Liff v Peasley: CA 1980

The court will not add a person as a defendant to an existing action if the claim was already statute-barred and he wished to rely on that defence, and if the court allows such addition ex parte it will not, on objection allow the addition to stand. Where a defendant is added under Ord.15 r.6 there is no relation back so as to treat the added party as a defendant on any date earlier than he was in fact joined. Two reasons are used : ‘The first basis is that, if the addition were allowed, it would relate back, so that the action would be deemed to have been begun as against the person added, not on the date of amendment, but on the date of the original writ; that the effect of such relation back would be to deprive the person added of an accrued defence to the claim on the ground that it was statute-barred; and that this would be unjust to that person. I shall refer to this first basis of the rule of practice as the ‘relation back’ theory. The second and alternative basis for the rule is that, where a person is added as defendant in an existing action, the action is only deemed to have been begun as against him on the date of amendment of the writ; that the defence that the claim is statute-barred therefore remains available to him; and that, since such defence affords a complete answer to the claim, it would serve no useful purpose to allow the addition to be made. I shall refer to this second and alternative basis of the rule of practice as the ‘no useful purpose’ theory.’ As to which reason was correct, and referring to the rule in Sneade v Wotherton Barytes and Lead Mining Co as to relation back: ‘This seems to me to be an entirely sensible proposition so long as the amendment concerned does not involve the addition of a new party, either as plaintiff or defendant, or the raising of a new cause of action, but involves only the modification, by addition, deletion or substitution, of pleas or averments made between existing parties in respect of a cause or causes of action already raised. Where, however, the amendment concerned involves the addition of a new party or the raising of a new cause of action, it appears to me to be unrealistic and contrary to the common sense of the matter to treat it as relating back in the same way.’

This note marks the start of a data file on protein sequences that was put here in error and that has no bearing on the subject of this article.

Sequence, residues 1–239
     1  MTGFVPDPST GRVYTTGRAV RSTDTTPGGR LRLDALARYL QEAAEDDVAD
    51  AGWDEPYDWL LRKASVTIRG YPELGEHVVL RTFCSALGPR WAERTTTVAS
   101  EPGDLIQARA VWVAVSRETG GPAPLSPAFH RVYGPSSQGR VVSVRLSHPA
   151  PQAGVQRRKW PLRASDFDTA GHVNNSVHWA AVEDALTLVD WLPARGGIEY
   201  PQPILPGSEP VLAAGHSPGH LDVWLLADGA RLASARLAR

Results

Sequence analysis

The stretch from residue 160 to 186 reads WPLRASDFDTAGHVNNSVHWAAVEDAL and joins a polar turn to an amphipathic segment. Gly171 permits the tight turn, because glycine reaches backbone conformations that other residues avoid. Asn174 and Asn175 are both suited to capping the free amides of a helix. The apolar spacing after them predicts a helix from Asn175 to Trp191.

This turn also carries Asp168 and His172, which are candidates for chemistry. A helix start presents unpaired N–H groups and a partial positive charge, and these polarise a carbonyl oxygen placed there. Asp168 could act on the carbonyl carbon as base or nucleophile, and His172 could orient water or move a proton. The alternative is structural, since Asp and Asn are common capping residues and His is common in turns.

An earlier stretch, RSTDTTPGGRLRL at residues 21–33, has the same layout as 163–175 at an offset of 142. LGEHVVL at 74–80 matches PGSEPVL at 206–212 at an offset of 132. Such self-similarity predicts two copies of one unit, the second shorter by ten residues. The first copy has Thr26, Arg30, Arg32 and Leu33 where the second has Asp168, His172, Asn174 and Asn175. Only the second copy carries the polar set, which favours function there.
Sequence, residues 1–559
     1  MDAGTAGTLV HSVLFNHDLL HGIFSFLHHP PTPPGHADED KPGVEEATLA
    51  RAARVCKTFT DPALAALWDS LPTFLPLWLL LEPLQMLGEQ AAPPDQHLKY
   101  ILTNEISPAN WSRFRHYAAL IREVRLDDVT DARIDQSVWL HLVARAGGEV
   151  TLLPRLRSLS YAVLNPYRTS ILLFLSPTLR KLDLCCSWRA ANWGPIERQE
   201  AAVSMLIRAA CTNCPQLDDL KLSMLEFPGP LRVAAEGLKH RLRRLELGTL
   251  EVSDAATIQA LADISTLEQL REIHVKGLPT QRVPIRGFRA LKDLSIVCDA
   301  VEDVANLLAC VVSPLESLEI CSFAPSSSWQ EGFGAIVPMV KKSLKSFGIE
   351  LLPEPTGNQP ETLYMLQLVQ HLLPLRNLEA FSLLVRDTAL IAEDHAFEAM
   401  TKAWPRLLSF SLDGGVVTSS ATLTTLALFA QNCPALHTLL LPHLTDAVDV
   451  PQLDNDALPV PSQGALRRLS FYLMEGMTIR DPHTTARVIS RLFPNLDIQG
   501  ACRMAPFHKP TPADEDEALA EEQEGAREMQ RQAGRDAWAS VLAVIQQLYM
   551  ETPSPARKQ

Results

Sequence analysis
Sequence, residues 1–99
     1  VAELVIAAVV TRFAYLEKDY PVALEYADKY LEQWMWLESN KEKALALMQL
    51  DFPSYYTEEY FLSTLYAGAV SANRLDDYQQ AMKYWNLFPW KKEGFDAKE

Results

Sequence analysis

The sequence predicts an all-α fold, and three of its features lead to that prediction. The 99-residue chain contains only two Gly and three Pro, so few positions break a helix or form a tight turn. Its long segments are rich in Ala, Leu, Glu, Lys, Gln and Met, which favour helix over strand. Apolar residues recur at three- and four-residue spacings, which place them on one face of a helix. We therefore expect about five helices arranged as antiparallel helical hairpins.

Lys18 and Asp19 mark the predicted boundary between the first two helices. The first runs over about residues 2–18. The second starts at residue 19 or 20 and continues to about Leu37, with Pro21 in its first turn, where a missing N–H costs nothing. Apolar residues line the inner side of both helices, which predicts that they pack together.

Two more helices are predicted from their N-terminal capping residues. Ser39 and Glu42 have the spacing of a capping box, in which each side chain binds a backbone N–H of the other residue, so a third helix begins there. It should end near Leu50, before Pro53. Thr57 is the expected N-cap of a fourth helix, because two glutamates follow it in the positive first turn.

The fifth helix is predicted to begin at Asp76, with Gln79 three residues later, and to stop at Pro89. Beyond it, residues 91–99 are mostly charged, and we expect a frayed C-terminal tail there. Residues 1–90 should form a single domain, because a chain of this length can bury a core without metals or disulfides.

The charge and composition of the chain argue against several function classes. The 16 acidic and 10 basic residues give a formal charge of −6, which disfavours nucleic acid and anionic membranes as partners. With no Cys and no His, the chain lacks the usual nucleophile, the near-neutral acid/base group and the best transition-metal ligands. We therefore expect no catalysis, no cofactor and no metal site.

Brandon LJ, Stephenson LJ
[1980] 1 WLR 781, [1980] 1 All ER 623
Citing:

Cited by:

  • Cited – Parsons and Another v George and Another CA 13-Jul-2004
    The claimant sought to begin proceedings to renew his business tenancy, but the proceedings were issued in the wrong name. He sought to amend the proceedings to substitute the correct defendant, but that application was out of time.
    Held: . .
    [2004] EWCA (Civ) 912, Times 28-Jul-04, [2004] 1 WLR 3264
  • Approved – Ketteman v Hansel Properties Ltd HL 1987
    Houses were built on defective foundations. The purchasers sued the builders and later the architects who designed them. The defendants argued that the houses were doomed from the start so that the cause of action accrued, not when the physical . .
    [1987] 2 WLR 312, [1987] AC 189
  • Cited – Evans Construction Co Ltd v Charrington and Co Ltd CA 1983
    The tenant sought a new lease and served a notice. The notice named the former landlord not the current landlord.
    Held: Order 20 could be used to correct the name where the error was a mere mistaken description of the correct party, but not a . .
    [1983] QB 810, [1983] 2 WLR 117
  • Cited – Roberts v Gill and Co Solicitors and Others SC 19-May-2010
    The claimant beneficiary in the estate sought damages against solicitors who had acted for the claimant’s brother, the administrator, saying they had allowed him to take control of the assets in the estate. The will provided that property was to be . .
    [2010] WLR (D) 130, [2010] UKSC 22, [2010] PNLR 30, [2010] WTLR 1223, [2010] 2 WLR 1227, [2011] AC 240

These lists may be incomplete.
Updated: 09 December 2020; Ref: scu.214460